It’s been hard to avoid advertisements for products involved with “smart homes” as of late. Although the idea of a smart-home seems like something of a high-cost technological home renovation, many people already own devices that drive home automation. Take the Google Home or Amazon Echo—these popular smart speakers utilize IoT technology to communicate with things like lighting, HVAC, and even ovens and refrigerators. This is what home automation is all about: wireless connectivity, remote access, and energy saving. With the popularity of home automation rising, and the overall costs decreasing, it’s important to know what benefits this brings to homebuilders and homeowners for the future.
One of the biggest concerns when a party is interested in either building or renovating a home into a smart-home is the challenges, both financially and logistically, they might face. While it is true that in its inception, smart devices were comparatively more expensive than their analog counterparts, the stigma has stuck around. In a 2017 survey done by home-automation company Wink, of the 2,177 adults surveyed, 71 percent of respondents indicated they would like the monitoring abilities that came with smart devices, however, only 27 percent had purchased one of these devices.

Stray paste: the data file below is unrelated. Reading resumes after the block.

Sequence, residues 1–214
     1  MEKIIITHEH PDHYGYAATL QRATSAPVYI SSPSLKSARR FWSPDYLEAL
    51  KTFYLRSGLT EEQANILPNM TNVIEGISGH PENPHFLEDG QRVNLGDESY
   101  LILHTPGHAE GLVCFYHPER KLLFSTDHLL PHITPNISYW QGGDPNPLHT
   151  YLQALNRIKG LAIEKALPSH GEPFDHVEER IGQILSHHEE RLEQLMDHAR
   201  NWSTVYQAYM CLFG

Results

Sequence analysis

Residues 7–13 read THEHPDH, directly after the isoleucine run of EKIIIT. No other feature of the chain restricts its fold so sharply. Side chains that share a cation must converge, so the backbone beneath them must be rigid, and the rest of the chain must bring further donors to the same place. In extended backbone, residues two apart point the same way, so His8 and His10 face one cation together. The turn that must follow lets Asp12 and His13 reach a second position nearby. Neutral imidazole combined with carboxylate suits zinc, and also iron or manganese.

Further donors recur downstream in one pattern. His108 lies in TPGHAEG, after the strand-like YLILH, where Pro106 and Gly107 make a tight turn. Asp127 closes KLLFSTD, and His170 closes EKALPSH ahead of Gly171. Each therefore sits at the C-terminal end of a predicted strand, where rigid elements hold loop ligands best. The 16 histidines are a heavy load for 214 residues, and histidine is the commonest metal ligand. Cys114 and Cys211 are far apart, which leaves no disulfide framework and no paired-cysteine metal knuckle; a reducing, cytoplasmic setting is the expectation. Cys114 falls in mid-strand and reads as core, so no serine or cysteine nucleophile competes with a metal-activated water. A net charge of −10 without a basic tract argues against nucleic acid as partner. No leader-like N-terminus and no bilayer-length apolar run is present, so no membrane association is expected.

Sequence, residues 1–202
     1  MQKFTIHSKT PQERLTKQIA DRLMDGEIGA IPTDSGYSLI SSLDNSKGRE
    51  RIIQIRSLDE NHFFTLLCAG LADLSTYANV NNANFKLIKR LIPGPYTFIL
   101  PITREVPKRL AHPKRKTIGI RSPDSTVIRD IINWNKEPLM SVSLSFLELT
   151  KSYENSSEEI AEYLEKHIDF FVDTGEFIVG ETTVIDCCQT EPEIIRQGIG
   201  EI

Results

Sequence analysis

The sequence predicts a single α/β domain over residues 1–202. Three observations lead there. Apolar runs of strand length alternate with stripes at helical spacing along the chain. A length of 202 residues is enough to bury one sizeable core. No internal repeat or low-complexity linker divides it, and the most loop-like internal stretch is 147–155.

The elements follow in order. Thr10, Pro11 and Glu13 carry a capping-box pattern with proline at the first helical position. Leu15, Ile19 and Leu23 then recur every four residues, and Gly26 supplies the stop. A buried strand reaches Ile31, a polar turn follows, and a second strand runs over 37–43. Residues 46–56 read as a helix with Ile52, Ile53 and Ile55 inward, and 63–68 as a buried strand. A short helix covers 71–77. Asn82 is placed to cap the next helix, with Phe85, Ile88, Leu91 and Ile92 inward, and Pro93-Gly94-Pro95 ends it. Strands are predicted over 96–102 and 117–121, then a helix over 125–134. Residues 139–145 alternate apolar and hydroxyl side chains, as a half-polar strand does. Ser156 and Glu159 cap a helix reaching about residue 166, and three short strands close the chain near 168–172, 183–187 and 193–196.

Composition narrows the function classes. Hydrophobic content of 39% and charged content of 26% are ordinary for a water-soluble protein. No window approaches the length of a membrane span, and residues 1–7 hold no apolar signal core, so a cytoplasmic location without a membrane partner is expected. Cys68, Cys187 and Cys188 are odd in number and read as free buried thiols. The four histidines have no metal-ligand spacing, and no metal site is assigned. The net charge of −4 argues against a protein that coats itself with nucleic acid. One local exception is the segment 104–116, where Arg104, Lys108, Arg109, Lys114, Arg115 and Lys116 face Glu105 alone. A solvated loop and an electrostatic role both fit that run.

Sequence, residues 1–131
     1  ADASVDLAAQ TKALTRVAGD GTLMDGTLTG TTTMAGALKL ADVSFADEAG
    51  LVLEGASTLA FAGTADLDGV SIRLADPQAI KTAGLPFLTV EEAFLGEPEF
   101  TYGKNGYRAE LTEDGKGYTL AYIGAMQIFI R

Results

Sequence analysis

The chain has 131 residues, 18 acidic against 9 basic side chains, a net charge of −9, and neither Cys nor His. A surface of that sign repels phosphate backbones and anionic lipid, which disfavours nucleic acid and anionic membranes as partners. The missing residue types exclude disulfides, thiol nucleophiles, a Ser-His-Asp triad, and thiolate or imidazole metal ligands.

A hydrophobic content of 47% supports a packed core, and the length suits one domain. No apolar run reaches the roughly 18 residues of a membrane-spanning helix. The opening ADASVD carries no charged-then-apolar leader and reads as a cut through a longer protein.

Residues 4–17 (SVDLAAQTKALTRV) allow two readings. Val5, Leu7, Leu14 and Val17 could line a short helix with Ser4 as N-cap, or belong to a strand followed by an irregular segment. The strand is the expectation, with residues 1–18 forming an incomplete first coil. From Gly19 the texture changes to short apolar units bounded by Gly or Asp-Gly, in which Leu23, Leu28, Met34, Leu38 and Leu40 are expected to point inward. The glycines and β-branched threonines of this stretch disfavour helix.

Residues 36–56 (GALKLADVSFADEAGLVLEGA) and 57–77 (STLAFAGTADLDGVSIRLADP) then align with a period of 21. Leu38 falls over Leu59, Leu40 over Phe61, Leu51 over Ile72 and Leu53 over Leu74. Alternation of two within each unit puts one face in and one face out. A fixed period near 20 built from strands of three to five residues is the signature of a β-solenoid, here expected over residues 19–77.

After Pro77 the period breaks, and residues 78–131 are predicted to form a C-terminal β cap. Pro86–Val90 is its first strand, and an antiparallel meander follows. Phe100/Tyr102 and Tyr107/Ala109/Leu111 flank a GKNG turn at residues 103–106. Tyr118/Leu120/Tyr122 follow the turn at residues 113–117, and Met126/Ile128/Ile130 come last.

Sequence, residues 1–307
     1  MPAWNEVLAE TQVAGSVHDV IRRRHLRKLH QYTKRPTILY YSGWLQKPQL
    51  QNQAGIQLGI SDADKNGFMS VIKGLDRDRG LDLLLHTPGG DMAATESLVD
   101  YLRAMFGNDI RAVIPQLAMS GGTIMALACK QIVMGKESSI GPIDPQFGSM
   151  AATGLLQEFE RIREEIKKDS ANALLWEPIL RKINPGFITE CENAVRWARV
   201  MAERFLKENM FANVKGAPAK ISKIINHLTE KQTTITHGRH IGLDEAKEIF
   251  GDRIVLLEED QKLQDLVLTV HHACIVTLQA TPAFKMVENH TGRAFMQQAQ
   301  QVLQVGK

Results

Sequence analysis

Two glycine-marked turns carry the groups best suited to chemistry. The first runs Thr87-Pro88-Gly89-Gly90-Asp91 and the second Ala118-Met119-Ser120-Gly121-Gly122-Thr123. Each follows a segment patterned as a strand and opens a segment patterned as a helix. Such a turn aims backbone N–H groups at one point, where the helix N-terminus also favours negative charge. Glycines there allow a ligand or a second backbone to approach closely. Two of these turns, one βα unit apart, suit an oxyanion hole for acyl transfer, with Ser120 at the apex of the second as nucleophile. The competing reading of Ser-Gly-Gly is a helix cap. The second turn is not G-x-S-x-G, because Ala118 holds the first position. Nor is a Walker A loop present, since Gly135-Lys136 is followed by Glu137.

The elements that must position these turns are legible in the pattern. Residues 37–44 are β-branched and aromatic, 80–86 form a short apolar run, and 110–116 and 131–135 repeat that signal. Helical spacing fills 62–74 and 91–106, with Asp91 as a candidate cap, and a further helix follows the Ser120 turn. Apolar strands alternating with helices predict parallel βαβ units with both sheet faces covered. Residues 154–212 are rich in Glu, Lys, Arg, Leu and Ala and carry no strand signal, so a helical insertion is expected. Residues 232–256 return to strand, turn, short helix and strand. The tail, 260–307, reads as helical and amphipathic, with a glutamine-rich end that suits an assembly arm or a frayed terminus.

While upfront costs for homeowners may seem steep, the benefits are reaped from the energy saving over time. Take the hospitality industry, for example. Many modern hotels take advantage of smart thermostats and lighting for their rooms. When a room is vacant, lighting and HVAC can be monitored, controlled, and adjusted until it becomes occupied. Even when a room is occupied, smart thermostats can detect when windows open and will turn off the heat or slightly adjust the temperature of a room while a guest is asleep, making an unnoticeable difference in the room, but saving the hotel an extraordinary amount of money in the long-run. Smart homes are 30 percent cheaper to operate than traditional homes and can save homeowners hundreds with something as simple as installing smart thermostats.
As a homebuilder, return on investment is a priority, but the market for smart homes is growing exponentially. The global smart home industry was valued at $24 billion in 2016 with an estimated CAGR of 14.5 percent. It is expected to reach $54 billion by 2022. Part of this booming industry lies in the changing of consumer needs. While many current homeowners may be skeptical, a Coldwell Banker Real Estate survey showed that more than 60 percent of respondents indicated the importance of smart-home devices being pre-installed in their next home. As a homebuilder in 2019—smart home specialization simply provides a competitive edge.
Security, savings, and accessibility are what make home automation so exciting on both ends of the housing industry. There will be new generations of homeowners and those homeowners will have different needs and different ideals when it comes to finding their next home. Just as environmental sustainability will become a more prominent factor for future homeowners and builders, so will automation. 2019 is sure to be an exciting year for what benefits the next generation of these smart devices will bring.
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